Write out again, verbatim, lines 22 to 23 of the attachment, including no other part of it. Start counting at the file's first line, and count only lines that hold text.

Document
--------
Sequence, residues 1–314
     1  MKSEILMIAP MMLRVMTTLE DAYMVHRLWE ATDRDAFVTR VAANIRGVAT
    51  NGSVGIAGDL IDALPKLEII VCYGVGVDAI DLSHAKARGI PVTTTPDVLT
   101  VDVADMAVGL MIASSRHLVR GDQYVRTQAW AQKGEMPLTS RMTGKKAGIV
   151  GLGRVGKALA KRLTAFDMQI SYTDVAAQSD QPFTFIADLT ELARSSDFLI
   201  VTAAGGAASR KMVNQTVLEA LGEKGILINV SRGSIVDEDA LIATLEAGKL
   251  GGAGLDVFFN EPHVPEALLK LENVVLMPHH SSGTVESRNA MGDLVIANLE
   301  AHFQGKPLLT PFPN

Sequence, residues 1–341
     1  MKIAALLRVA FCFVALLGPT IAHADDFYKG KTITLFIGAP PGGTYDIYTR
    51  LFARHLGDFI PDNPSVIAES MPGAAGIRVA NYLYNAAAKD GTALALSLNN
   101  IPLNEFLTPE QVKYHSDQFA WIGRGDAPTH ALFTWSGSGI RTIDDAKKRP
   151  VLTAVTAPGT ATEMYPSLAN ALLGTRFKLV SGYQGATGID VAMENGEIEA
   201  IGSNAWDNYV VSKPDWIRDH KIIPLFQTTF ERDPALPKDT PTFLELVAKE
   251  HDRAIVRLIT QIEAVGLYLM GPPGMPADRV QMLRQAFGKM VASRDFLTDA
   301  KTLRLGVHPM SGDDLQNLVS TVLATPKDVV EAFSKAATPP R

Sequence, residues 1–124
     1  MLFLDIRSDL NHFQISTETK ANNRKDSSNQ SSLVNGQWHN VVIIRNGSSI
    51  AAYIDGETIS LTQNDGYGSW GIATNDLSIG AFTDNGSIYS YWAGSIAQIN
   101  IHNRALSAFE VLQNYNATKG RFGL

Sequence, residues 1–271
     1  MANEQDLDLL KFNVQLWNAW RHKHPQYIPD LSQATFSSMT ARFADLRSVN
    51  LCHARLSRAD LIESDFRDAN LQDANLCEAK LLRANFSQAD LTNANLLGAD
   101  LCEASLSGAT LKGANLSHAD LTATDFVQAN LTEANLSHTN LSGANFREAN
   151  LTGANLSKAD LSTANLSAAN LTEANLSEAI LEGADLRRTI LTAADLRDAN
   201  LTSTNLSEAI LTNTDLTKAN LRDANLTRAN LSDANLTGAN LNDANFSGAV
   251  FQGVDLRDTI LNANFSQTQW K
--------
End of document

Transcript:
     1  MANEQDLDLL KFNVQLWNAW RHKHPQYIPD LSQATFSSMT ARFADLRSVN
    51  LCHARLSRAD LIESDFRDAN LQDANLCEAK LLRANFSQAD LTNANLLGAD